8. Nebraska is just 3-8 in the league and 12-12 overall, but it’s hard not to be impressed with the job first-year coach Tim Miles is doing in Lincoln. Miles took over a bad program that finished 12-18 a year ago and lost five of its top six scorers. He basically had nothing to work with, or so it seemed. Nebraska has lost by single digits to Ohio State and Wisconsin and was still in the game against Michigan and Michigan State with less than five minutes remaining. Nebraska’s new basketball arena will be among the country’s best when it opens next season. If Miles can sign a few good players, the Cornhuskers could be an upper-half Big Ten team within three years. Their fans will definitely fill the arena.
9. Purdue is 12-12 overall and 5-6 in conference play, but the Boilermakers won’t be down for long. When you lose players such as Robbie Hummel, E’Twaun Moore and JaJuan Johnson during a two-year stretch, you’ll almost always take a step back. Matt Painter is one of the top X’s and O’s coaches in the game, especially when it comes to defense, and Mackey Arena is a tough environment for any opponent. Look for the Boilermakers to be back in the Big Ten title hunt within a year or two.
10. I’m not sure fans in most Big Ten cities realize how good they have it when it comes to newspapers. I couldn’t have been more impressed with the space publications such as the Indianapolis Star and Detroit Free Press devoted to their coverage of Indiana, Michigan, Michigan State and the Big Ten in general. Multiple well-written stories before and after each game, insightful columns and quick-hit notebooks. They didn’t miss a thing. The first thing I did each morning was trudge down to the hotel lobby to purchase a paper, and that hasn’t happened in a while.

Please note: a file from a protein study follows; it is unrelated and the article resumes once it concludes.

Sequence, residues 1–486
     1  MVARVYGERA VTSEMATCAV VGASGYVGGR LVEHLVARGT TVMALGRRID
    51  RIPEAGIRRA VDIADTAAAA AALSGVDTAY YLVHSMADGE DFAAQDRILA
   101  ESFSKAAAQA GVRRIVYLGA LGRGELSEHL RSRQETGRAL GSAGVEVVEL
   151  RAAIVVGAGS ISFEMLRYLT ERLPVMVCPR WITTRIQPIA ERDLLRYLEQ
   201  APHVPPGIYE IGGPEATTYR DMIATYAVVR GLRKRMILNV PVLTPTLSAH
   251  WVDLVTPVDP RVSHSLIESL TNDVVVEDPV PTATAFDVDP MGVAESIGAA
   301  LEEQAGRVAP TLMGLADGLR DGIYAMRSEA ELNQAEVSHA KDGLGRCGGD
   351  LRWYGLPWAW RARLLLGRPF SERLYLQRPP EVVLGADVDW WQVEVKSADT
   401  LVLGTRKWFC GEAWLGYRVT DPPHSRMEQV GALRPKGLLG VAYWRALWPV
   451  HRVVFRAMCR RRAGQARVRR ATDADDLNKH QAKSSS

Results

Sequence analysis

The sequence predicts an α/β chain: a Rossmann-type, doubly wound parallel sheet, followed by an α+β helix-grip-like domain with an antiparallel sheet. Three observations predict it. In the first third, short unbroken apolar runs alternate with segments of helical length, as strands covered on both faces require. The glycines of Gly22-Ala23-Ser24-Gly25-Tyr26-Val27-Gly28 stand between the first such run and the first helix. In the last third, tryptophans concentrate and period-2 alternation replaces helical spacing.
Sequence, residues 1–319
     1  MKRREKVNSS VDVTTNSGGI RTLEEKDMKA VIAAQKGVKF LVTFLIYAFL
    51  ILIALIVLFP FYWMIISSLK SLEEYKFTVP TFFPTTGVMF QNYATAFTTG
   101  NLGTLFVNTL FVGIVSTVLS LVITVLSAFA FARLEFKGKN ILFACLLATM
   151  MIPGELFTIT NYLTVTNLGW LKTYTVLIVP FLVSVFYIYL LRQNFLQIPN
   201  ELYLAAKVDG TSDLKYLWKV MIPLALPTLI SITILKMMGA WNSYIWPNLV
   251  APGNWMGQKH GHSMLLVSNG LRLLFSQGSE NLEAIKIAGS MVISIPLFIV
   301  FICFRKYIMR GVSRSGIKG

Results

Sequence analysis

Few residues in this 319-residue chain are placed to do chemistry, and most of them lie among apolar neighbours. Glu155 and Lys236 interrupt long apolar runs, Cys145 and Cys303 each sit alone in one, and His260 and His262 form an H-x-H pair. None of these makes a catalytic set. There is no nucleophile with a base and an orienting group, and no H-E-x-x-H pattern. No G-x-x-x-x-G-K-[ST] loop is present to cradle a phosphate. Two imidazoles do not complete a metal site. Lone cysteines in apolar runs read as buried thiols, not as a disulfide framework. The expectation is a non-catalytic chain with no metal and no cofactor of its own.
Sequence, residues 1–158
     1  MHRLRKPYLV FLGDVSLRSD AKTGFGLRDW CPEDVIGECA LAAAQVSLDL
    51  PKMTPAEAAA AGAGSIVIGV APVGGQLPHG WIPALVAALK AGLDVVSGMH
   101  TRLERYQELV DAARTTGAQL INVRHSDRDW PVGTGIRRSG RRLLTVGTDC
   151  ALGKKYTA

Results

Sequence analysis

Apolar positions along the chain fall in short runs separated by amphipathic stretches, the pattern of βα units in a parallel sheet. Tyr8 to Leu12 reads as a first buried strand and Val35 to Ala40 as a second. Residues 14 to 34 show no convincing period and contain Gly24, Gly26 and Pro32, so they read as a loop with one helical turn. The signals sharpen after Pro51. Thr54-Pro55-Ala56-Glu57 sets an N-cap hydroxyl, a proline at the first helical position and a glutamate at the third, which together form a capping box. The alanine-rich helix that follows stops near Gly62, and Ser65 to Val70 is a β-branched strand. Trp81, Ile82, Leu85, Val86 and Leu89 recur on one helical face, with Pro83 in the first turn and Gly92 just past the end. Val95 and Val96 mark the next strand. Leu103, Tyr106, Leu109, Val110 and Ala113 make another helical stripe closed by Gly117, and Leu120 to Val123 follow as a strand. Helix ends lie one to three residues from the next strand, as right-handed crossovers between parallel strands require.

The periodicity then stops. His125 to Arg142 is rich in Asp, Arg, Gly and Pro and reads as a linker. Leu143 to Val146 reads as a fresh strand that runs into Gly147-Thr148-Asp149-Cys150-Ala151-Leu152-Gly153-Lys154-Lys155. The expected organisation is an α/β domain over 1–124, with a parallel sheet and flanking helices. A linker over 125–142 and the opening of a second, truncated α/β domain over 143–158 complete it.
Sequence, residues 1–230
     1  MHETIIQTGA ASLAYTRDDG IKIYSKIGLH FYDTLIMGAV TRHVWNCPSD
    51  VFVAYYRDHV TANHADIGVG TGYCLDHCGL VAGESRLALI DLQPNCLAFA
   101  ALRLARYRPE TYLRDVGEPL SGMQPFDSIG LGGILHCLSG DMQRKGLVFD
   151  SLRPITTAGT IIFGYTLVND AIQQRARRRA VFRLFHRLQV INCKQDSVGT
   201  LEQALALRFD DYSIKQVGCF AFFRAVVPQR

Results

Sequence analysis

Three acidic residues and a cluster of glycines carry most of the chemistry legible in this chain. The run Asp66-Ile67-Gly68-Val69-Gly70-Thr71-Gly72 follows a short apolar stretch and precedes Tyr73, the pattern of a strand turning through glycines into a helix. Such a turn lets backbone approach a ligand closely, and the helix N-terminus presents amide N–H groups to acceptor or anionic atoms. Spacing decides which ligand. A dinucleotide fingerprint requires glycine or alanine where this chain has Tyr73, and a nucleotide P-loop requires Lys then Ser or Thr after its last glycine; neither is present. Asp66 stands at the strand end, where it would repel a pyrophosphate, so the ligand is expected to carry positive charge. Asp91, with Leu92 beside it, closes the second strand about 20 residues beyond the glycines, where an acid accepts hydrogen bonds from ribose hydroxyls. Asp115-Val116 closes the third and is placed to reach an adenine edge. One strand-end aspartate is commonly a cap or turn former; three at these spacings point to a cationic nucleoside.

Another quick look at the panel:
Rob Demovsky (@RobDemovsky) covers Horizon League basketball for the Green Bay Press-Gazette.
Richard Kilwien (@smcgaels) is the associate athletic director for external affairs at Saint Mary's College.
Leslie Wilhite (@Leslie_Wilhite, @MT_MBB) is in her second season as an assistant director of athletic communications at Middle Tennessee State University.
Dusty Luthy Shull (@DustyLuthyShull) covers Murray State athletics for The Paducah (Ky.) Sun.
John Templon (@nybuckets) writes about New York City and East Coast mid-major college basketball for his website, nycbuckets.com.
Thomas Chen (@thomasmchen) is in his third year as director of athletic communications at Stony Brook University.
Terry Vandrovec (@terryvandrovec) covers South Dakota State basketball for the Argus Leader in Sioux Falls, S.D.
Mid-Major Power Rankings No. 2
- Gonzaga (9-1): The Zags hold onto the No. 1 spot despite their home loss against Illinois.
- Creighton (9-1): The Bluejays crushed Akron, 77-61, Sunday for their third win in a row.
- Wichita State (9-0): The undefeated Shockers are ranked 29th in defensive efficiency.
- Belmont (6-2): Tough stretch for the Bruins, who face MTSU and Kansas this week.
- Murray State (9-1): Ed Daniel and Isaiah Canaan have led the Racers to four consecutive wins.
- Bucknell (8-1): Mike Muscala. Google him.
- Middle Tennessee State (7-2): The Blue Raiders beat Ole Miss, 65-62, on Saturday.
- Lehigh (8-2): The Mountain Hawks haven’t lost since Nov. 13 (78-53 at Pitt).
- Saint Mary’s (7-2): Like most years, the Gaels won’t really be tested again until WCC play begins.
- Illinois St. (6-3): The Redbirds’ three losses have come against teams in Ken Pomeroy’s top 100.
- Ohio (7-2): The Bobcats have won just one of three games in December.
- Illinois-Chicago (8-1): Seven-game winning streak includes wins against Northwestern and Colorado St.
- Northern Iowa (6-3): A win against Iowa on Saturday would be Panthers’ fourth in a row.
- BYU (6-3): The Cougars are coming off a 61-58 win against Utah on Saturday.
- North Dakota State (8-3): The Bison (62nd in defensive efficiency) are a top contender in the Summit.
Player of the Week: Murray State’s Ed Daniel has entered Beast Mode. The senior recorded 21 points, 15 rebounds, a steal and three blocks in the Racers’ 82-70 road win against Evansville on Saturday.
- Dan Monson’s Long Beach State squad always plays one of the toughest nonconference schedules in the country. But that tough slate and the loss of last season’s core, including Casper Ware, has led to a rocky start for the 3-6 49ers, who will face UCLA Dec. 18.
- Stephen F. Austin’s start proves that the RPI can be a deceptive measuring stick for a team’s performance. Per RPI, the 9-1 Lumberjacks are fifth and 16th in nonconference strength of schedule. But they’re ranked 117th in Ken Pomeroy’s ratings, largely due to their poor offensive efficiency (232).
- Paging the WCC? The league’s nonconference season has been lukewarm thus far. And I thought that before Gonzaga lost to Illinois over the weekend.